(b) – Hosting providers are not legally competent to ascertain whether information stored on or transmitted through their infrastructure is defamatory, vulgar, obscene, pornographic, libellous or contravenes any other law. Further, they are charged with ensuring that information stored on or transmitted through their infrastructure is not harmful, threatening, abusive, harassing, blasphemous, paedophilic, invasive of another’s privacy, hateful, or racially, ethnically or otherwise objectionable. These terms are vague and undefined and hosting providers are not competent to decide on them, even if they were able to monitor, decode, parse, translate and evaluate all data stored on or passing through their infrastructure. Further, hosting providers cannot determine if information stored on or passing through their infrastructure is “objectionable” or “encourages money laundering or gambling”

(c) – Hosting providers are not competent to determine and ensure that information stored on or passing through their infrastructure can “harm minors in any way”.

(d) – It is not possible for hosting providers to ensure that information stored on or passing through their infrastructure does not legally infringe any patent, trademark, copyright or other proprietary right;

(e) – Hosting providers are not competent to ensure that information stored on or passing through their infrastructure does not violate any other law in force.

(f) – Hosting providers cannot ensure that sensitive personal information (which implies information that is not freely available) of third parties is not revealed, transmitted, published or stored by clients using the hosting provider’s infrastructure.

(g) – It is impossible for hosting providers to determine if any information stored on or passing through their infrastructure is capable of causing annoyance or inconvenience or deceives or misleads the addressee about the origin of such messages or communicates any information which is grossly offensive or menacing in nature. Further, the terms “grossly offensive”, annoying, inconveniencing are over-wide, vague and ambiguous.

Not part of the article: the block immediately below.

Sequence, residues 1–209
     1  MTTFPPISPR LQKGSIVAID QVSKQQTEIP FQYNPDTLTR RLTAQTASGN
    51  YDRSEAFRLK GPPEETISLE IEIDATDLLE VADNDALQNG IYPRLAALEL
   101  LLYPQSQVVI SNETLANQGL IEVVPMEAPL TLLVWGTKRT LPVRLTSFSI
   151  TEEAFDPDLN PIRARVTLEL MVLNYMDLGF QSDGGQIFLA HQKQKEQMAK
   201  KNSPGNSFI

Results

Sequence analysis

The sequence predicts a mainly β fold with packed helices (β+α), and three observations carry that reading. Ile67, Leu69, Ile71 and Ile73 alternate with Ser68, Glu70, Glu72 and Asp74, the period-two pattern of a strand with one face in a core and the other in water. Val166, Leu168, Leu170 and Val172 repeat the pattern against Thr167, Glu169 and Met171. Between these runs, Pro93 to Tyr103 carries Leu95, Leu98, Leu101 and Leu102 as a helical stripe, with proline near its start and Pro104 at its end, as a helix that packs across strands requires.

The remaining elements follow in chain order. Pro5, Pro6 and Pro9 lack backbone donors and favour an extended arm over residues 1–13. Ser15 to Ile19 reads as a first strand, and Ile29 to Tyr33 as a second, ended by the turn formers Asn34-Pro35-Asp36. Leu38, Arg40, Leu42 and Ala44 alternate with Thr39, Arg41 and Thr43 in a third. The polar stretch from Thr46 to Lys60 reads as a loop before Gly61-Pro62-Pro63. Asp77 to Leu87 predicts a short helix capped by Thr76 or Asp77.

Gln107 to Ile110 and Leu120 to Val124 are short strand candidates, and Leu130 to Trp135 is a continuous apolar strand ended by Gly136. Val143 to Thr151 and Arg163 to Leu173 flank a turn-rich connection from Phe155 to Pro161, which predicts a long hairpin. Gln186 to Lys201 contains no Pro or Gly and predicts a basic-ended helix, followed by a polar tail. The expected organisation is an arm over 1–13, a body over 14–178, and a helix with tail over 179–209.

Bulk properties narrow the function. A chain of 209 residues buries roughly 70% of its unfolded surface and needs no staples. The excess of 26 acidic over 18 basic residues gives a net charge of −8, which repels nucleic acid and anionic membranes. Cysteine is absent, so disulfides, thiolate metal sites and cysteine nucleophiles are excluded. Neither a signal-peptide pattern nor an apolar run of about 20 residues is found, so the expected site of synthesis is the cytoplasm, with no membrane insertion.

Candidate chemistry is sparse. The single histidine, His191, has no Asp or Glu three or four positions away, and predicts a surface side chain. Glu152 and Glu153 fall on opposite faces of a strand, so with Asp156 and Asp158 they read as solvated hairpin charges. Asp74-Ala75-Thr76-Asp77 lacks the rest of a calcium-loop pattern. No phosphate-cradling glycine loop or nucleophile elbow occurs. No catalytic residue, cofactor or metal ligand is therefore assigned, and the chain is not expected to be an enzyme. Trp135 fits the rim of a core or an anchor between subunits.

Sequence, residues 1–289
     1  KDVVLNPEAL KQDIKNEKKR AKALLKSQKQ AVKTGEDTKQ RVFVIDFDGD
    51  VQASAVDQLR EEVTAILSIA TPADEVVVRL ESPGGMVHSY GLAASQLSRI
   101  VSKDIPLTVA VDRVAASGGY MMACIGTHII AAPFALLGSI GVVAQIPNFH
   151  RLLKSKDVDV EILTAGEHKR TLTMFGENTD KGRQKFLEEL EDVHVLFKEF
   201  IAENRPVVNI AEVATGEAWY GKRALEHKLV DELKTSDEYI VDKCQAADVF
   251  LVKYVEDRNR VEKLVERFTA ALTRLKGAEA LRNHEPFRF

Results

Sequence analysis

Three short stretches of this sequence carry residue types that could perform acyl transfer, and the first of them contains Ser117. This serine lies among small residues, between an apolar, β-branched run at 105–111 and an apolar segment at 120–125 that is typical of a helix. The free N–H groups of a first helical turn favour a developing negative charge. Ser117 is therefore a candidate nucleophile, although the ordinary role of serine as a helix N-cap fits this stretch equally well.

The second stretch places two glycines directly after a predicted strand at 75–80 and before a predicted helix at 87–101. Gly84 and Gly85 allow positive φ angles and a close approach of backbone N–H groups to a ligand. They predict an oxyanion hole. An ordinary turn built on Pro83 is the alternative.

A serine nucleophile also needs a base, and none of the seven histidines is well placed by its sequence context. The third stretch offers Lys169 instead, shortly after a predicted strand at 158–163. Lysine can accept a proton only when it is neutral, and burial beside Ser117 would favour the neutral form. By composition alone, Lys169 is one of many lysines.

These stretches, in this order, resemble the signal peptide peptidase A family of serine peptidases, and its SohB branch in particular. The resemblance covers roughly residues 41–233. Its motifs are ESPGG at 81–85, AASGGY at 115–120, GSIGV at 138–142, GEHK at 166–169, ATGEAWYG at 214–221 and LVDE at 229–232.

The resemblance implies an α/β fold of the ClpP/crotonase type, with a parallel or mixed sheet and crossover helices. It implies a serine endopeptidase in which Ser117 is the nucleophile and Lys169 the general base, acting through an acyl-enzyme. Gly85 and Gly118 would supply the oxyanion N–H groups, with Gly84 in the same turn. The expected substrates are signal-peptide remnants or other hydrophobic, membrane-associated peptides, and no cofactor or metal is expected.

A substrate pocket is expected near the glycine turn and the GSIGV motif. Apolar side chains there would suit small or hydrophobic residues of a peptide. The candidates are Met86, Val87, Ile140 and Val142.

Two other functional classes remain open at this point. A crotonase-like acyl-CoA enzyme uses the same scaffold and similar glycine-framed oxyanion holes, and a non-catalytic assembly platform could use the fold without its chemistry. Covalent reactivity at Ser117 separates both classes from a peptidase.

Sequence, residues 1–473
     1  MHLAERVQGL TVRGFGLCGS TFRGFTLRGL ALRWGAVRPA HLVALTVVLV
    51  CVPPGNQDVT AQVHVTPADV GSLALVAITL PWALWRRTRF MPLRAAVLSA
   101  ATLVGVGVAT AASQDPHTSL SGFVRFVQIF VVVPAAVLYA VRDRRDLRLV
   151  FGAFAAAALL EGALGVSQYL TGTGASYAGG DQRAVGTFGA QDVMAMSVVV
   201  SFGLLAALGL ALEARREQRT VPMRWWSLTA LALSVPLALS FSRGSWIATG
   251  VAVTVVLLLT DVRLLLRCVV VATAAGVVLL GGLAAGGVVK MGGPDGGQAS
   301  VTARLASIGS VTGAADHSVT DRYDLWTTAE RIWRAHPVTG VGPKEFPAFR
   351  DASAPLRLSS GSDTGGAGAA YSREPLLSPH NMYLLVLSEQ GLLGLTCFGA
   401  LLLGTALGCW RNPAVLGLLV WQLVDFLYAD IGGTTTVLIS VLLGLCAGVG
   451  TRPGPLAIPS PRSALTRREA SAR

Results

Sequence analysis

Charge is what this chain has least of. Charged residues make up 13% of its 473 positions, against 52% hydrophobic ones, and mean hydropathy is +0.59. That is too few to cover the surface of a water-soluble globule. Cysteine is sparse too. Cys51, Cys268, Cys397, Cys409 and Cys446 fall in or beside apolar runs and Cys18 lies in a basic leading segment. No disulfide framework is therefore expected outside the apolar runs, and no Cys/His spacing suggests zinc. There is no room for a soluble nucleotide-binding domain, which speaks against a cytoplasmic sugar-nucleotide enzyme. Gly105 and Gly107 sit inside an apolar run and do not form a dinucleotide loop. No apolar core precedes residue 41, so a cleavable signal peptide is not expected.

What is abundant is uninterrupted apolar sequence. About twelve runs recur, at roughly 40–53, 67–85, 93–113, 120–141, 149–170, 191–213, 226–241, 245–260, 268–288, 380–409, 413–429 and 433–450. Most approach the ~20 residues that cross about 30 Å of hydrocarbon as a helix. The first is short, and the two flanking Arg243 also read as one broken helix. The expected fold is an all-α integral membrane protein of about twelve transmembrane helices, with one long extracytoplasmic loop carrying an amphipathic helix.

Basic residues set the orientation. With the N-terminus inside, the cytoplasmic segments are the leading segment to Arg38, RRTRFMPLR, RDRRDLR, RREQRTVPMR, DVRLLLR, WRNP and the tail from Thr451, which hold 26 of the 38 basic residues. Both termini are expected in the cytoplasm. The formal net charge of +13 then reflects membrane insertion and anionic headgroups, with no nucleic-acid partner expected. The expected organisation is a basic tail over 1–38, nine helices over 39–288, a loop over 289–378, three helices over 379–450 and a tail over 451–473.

(h) – It is impossible for hosting providers to determine if any information stored on or passing through their infrastructure is actually furthers the impersonation of some person other than the actual sender.

(i) – As viruses or other computer contaminants are commonly encrypted and their existence obfuscated or otherwise hidden in non-contaminant data, it is impossible for hosting providers to ensure that information stored on or passing through their infrastructure is free of computer contaminants including viruses.

(j) – Hosting providers are not competent to ensure that information stored on or passing through their infrastructure does not threaten the unity, integrity, defense, security or sovereignty of India, friendly relations with foreign states, or or public order or causes incitement to the commission of any cognizable offense or prevents investigation of any offence or is insulting any other nation. It is further submitted that certain strictures in this sub-sub-section, particularly, the stricture against “insulting to any other nation” are so broad as to violate the Constitutional right of freedom of speech. Under this provision, the hosting provider would be culpable for hosting a patriotic website that discussed the conduct of Pakistan or any other nation that harbored terrorists who attacked India.